Some residents want to know when will it be Abingdon's turn for a new school.
The community's William Paca/Old Post Road Elementary School on Route 7 near its intersection with Route 24 is one of Harford County's public schools most in need of replacement and yet it's been supplanted near the top of the school construction list by Havre de Grace High School. Discussions at Monday night's Abingdon Community Council meeting turned from money budgeted for education to construction of a new Havre de Grace High School and Youth's Benefit Elementary School, and why the community's William Paca/Old Post Road Elementary School isn't number one or two on the county's new construction list.
Kim Spence, chief budget manager for Harford County, gave an overview to the council and the meeting's attendees on how the county's budget is formed every year.
Council chair Cynthia Hergenhahn pointed out that the county executive's preliminary budget hearing, open to the public, is Jan. 28, the same night as the community council's monthly meeting.
Spence explained that the budget process will be slightly different this year because a charter amendment was approved on the November ballot that extends the county executive's time to submit the proposed budget to the county council to April 15. Because of this, the council has until June 15 to pass the budget.
Council member C. David Copenhaver commented that voters were "bombarded" with advertisements on the different ballot questions, especially Question 7, which as approved will expand gambling in the state.
One ad against the ballot measure, he continued, said money was taken out of the state education fund and used toward something else.
"Is there a safeguard to ensure that money going toward education actually goes there?" Copenhaver asked.
"It absolutely stays in the education fund," Spence responded.
County Councilman Dion Guthrie chimed in, adding that money appropriated for education in Harford County stays there.
The education discussion went further, delving into the hot topic of the construction of a new Havre de Grace High School.
Harford County Executive David Craig, a Havre de Grace resident and HHS graduate, has pushed for a full replacement of the school and promised to give funding for a new Youth's Benefit Elementary School, as well as a new HHS.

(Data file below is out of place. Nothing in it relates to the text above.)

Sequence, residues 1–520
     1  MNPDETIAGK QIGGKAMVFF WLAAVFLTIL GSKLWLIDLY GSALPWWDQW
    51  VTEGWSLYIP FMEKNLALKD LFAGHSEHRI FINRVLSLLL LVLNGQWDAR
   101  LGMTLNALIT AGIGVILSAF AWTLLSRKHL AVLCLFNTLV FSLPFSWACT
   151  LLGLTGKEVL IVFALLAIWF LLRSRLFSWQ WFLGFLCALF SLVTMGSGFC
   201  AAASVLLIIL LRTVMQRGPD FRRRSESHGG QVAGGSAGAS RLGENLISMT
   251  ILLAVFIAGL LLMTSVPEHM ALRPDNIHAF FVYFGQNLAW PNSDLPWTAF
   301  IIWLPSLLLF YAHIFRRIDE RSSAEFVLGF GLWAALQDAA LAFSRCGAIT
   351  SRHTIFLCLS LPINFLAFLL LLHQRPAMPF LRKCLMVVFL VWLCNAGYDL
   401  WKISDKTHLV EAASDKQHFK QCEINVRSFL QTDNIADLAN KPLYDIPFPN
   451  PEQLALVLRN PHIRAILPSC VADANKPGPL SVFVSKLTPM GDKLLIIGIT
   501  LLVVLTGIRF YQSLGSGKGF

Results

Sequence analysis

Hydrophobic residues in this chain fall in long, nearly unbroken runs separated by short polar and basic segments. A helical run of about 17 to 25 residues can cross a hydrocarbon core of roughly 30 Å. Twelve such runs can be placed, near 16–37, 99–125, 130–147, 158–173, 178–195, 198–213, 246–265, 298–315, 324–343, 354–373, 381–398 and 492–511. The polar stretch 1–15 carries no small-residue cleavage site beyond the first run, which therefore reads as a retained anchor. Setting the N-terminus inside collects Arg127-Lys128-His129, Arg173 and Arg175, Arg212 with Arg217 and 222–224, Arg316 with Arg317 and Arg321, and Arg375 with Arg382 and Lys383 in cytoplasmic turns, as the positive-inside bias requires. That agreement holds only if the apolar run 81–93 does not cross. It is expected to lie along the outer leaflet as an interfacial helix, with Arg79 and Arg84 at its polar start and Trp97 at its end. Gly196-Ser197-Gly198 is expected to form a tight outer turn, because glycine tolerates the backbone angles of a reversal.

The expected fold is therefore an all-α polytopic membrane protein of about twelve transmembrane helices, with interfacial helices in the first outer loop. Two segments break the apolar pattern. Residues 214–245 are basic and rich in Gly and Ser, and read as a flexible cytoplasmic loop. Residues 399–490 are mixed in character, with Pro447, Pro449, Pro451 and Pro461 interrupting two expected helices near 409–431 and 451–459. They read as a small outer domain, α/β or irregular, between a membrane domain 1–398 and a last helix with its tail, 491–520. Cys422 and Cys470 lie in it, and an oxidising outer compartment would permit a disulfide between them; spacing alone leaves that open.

Last month, the Harford County Board of Education agreed to make the Havre de Grace High project and a replacement building for Youth's Benefit Elementary in Fallston its top priorities in the 2014 fiscal year capital budget.
Hergenhahn noted that in a copy of the fiscal year 2012 budget Spence passed out, $1.3 million was appropriated for a roof replacement at HHS.
"Are we going to replace the roof and then replace the high school?" she asked.
Spence said the money could have been appropriated for that project during a previous budget year and hadn't been used yet as, at the moment, the roof at the school has not been replaced.
Guthrie commented that the state, which has to approve funding for the projects, "doesn't agree" with the current plan for a new HHS.
Del. Susan McComas, also in the audience, said the projects are headed for the state's interagency council that deals with school construction for review.
"Havre de Grace didn't get a good initial response from them," she said, "but Youth's Benefit did and the PTA is really pushing forward on it because they had the design and construction study done in 2009 and in 1996 they had the scope study."
The delegate added "there's a great deal of need" at Youth's Benefit for a new school and Havre de Grace does not share that need.
Hergenhahn bluntly asked if the reason why Youth's Benefit was able to receive money for a scope study and design services was because the PTA was so proactive and William Paca/Old Post Road's PTA was not and therefore didn't receive funding.
Guthrie agreed that William Paca's PTA "needed to be a little more proactive" and pointed out that the communities the schools are in greatly differ.Copyright © 2014, The Baltimore Sun